The dollar fell against the yen this afternoon on reports Iran has asked Japan to stop paying for its oil in dollars
The dollar was driven down against the Japanese yen this afternoon, hit by the news that Iran had asked Japan to pay for its oil purchases in the Japanese currency and not in dollars.
Iran has sent a letter to Japanese refiners, signed by Ali A Arshi, the general manager of crude marketing and exports for Iran's national Iranian Oil Company, according to a report by Bloomberg.
The letter asks for yen payments "for any/all of your forthcoming Iranian crude oil liftings." The request is for all shipments "effective immediately".
Japan's oil payments to Iran rose 12 per cent last year to 1.24 trillion yen (£5 billion).
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The yen dropped against the dollar initially coming down to below 120 from 122.40 but later recovered somewhat on strong consumer confidence data from the US.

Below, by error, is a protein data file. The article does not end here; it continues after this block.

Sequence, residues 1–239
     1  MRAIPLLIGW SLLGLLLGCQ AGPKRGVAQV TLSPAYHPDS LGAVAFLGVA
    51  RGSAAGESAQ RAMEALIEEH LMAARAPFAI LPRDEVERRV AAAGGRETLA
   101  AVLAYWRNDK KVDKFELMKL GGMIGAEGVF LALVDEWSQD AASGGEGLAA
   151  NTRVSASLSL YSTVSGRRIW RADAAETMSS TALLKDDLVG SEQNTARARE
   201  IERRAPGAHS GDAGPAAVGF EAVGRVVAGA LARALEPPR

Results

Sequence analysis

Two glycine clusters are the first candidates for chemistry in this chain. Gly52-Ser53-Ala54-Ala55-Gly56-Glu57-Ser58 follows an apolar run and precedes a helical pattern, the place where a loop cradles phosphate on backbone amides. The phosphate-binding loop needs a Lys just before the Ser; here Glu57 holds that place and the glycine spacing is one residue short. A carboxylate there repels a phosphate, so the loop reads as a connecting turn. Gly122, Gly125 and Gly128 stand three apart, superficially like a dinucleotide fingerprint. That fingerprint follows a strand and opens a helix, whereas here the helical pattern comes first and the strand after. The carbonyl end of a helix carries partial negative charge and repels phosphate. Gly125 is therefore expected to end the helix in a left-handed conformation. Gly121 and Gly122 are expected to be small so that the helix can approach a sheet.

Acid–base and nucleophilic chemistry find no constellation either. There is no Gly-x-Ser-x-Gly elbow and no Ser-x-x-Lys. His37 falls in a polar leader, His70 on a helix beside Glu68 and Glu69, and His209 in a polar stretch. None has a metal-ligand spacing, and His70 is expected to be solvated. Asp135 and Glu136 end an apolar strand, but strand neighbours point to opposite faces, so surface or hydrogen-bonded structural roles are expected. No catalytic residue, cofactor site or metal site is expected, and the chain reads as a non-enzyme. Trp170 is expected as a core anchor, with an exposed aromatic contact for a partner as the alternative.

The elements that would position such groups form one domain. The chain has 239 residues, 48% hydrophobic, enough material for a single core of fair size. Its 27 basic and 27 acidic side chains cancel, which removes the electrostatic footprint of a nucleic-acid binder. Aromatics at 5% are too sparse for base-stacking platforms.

Iran has been deliberately moving its exposure to the dollar and dollar-based assets, faced with the threat that the US could freeze its US-based dollar accounts in response to its nuclear plans.
Three big oil producing nations — Iran, Venezuela and Russia — have all been moving much of their foreign currency reserves from dollars to euros in recent months.
The latest move can only add to the long term pressure on the dollar, already hit by worries about the US economy based on the crisis in the sub-prime mortgage market.
It was also under pressure against the euro and sterling as US retail sales for June showed their sharpest drop for two years. This was later countered by consumer sentiment data showing consumers had high confidence in July.
By mid session Wall Street was trading up on its record rise from yesterday with the Dow Jones index up 29 points at 13890.
Against the euro the dollar was still close to all-time highs this afternoon at $1.378 and against sterling it was $2.033.